Legacy

The symbol of the House of York was a white rose, still used as the badge of Yorkshiremarker and Jacobitism. The rivalry between York and Lancaster, in the modern form of the counties of Yorkshire and Lancashiremarker, has continued into the present day on a more friendly basis.

Yorkist—Dukes of York

Edward Plantagenet became Edward IVin 1461, thus merging the title of Duke of Yorkin crown.

Yorkist—Kings of England



See also



References

External links

  • http://www.historyofyork.org.uk/themes/victorian/the-white-rose-of-york The White Rose of York on the 'History of York' website.
  • http://www.royal.gov.uk/HistoryoftheMonarchy/KingsandQueensofEngland/ThePlantagenets/ThePlantagenets.aspx The Plantagenets] on the official website of the British monarchy
  • http://www.royal.gov.uk/HistoryoftheMonarchy/KingsandQueensofEngland/TheYorkists/TheYorkists.aspx The Yorkists] on the official website of the British monarchy


Edmund of Langley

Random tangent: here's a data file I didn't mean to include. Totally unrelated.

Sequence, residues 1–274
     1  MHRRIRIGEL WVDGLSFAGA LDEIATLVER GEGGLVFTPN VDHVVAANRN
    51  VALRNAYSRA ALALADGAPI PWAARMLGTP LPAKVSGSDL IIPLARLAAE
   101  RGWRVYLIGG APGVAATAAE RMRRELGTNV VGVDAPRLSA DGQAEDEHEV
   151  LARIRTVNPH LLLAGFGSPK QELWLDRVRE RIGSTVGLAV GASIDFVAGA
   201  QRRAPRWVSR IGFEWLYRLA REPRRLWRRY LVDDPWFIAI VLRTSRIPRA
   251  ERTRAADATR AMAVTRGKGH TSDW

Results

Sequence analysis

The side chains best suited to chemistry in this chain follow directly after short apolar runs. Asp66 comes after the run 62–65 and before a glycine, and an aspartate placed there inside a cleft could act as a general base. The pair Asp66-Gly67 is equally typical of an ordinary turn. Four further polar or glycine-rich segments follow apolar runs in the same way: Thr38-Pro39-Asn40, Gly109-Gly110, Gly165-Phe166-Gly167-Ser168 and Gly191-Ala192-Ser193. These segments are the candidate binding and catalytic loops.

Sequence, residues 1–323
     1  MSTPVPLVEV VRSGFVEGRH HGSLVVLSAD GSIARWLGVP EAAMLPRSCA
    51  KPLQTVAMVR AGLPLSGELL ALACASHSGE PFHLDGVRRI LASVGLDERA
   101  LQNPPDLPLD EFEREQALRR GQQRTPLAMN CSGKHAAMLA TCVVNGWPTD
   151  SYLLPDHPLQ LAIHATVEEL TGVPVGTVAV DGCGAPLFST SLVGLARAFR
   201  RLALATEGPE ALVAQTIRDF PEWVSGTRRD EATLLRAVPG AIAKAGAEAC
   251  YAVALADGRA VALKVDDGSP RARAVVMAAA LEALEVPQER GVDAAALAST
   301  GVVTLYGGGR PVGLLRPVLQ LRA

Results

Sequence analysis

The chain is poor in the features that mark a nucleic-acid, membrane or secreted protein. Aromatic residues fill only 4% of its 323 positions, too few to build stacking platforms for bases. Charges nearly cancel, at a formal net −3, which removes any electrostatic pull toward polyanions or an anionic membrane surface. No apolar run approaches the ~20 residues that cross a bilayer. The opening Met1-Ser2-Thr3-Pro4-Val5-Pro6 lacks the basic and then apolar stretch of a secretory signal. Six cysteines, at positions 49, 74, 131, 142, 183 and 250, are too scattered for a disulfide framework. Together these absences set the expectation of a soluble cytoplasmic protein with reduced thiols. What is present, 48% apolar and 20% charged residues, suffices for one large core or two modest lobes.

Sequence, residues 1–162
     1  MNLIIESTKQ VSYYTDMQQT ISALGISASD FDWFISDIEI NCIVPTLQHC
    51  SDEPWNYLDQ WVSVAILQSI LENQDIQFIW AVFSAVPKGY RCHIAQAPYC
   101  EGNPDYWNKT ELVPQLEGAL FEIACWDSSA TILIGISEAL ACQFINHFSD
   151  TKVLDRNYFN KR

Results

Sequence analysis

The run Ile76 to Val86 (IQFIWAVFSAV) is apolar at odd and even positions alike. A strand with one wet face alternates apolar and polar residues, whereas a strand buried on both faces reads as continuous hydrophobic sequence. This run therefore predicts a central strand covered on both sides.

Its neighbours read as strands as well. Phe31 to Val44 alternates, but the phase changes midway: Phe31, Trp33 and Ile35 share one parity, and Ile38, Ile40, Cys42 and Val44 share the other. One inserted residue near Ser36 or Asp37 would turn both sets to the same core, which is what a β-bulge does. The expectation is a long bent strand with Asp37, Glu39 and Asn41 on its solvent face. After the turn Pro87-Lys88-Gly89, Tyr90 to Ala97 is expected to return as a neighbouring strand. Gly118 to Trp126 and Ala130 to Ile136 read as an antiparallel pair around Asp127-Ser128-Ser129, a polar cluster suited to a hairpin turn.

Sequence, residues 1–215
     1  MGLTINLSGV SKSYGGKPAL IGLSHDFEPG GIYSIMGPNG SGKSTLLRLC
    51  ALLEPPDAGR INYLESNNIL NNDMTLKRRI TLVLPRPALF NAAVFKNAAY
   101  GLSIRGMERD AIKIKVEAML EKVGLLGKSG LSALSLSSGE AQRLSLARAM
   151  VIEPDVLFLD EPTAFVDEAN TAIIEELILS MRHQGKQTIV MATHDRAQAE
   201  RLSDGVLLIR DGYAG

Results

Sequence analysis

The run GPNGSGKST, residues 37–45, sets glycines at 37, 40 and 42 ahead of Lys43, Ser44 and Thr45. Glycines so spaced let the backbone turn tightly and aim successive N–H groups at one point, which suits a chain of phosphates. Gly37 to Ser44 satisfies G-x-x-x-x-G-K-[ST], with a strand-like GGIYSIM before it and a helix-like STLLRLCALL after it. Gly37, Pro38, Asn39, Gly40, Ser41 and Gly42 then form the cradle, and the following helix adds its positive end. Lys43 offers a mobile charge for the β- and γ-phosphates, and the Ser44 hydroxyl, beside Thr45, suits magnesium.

(House of York founder)
1385–1402

5 June 1341
Kings Langleymarker
son of Edward III of England and Philippa of Hainault

Isabella of Castile
1372
3 children

Joan de Holland
no children




1 August 1402
Kings Langleymarker
age 61

Edward of Norwich
1402–1415
1373
Norwichmarker
son of Edmund of Langley and Isabella of Castile

never married 25 October 1415
Agincourtmarker
age 42

Richard Plantagenet
1415–1460
21 September 1411
son of Richard of Conisburgh, 3rd Earl of Cambridge and Anne de Mortimer
Cecily Neville
1437
13 children

30 December 1460
Wakefieldmarker
age 49

Edward Plantagenet
1460–1461
28 April 1442
Rouenmarker
son of Richard Plantagenet and Cecily Neville

Elizabeth Woodville
1 May 1464
10 children

9 April 1483
Westminstermarker
age 40

Edward IV
4 March 1461 –
3 October 1470

11 April
1471–1483




28 April 1442
Rouenmarker
son of Richard Plantagenet, 3rd Duke of York and Cecily Neville

Elizabeth Woodville
Grafton Regismarker
1 May 1464
10 children


9 April 1483
Westminster Palace
age 40

Edward V
9 April–25 June 1483
2 November 1470
Westminstermarker
son of Edward IV and Elizabeth Woodville

unmarried c. 1483
Londonmarker
age about 12 (traditionally: murdered)

Richard III
26 June
1483–1485

2 October 1452
Fotheringhay Castlemarker
son of Richard Plantagenet, 3rd Duke of York and Cecily Neville

Anne Neville
Westminster Abbeymarker
12 July 1472
1 son


22 August 1485
Bosworth Fieldmarker
age 32 (killed in battle)